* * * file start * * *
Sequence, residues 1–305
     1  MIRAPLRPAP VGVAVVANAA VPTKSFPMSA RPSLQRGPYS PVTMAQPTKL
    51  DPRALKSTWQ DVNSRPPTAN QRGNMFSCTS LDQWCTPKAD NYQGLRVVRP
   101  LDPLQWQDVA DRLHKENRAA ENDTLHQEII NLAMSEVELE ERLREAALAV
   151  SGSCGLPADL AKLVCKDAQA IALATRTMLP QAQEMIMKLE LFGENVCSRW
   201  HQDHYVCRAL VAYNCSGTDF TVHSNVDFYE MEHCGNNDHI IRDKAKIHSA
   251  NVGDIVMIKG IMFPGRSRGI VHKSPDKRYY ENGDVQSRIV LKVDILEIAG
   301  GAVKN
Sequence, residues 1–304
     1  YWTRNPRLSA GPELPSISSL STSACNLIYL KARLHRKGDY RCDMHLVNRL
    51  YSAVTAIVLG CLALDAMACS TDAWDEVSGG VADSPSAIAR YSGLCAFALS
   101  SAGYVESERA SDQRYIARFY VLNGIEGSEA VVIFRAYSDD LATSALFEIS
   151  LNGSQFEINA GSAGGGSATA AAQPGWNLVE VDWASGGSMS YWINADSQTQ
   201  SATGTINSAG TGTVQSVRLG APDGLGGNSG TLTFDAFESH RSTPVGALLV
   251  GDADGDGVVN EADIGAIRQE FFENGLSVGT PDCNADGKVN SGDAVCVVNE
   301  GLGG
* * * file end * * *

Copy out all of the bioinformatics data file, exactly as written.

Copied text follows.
Sequence, residues 1–305
     1  MIRAPLRPAP VGVAVVANAA VPTKSFPMSA RPSLQRGPYS PVTMAQPTKL
    51  DPRALKSTWQ DVNSRPPTAN QRGNMFSCTS LDQWCTPKAD NYQGLRVVRP
   101  LDPLQWQDVA DRLHKENRAA ENDTLHQEII NLAMSEVELE ERLREAALAV
   151  SGSCGLPADL AKLVCKDAQA IALATRTMLP QAQEMIMKLE LFGENVCSRW
   201  HQDHYVCRAL VAYNCSGTDF TVHSNVDFYE MEHCGNNDHI IRDKAKIHSA
   251  NVGDIVMIKG IMFPGRSRGI VHKSPDKRYY ENGDVQSRIV LKVDILEIAG
   301  GAVKN
Sequence, residues 1–304
     1  YWTRNPRLSA GPELPSISSL STSACNLIYL KARLHRKGDY RCDMHLVNRL
    51  YSAVTAIVLG CLALDAMACS TDAWDEVSGG VADSPSAIAR YSGLCAFALS
   101  SAGYVESERA SDQRYIARFY VLNGIEGSEA VVIFRAYSDD LATSALFEIS
   151  LNGSQFEINA GSAGGGSATA AAQPGWNLVE VDWASGGSMS YWINADSQTQ
   201  SATGTINSAG TGTVQSVRLG APDGLGGNSG TLTFDAFESH RSTPVGALLV
   251  GDADGDGVVN EADIGAIRQE FFENGLSVGT PDCNADGKVN SGDAVCVVNE
   301  GLGG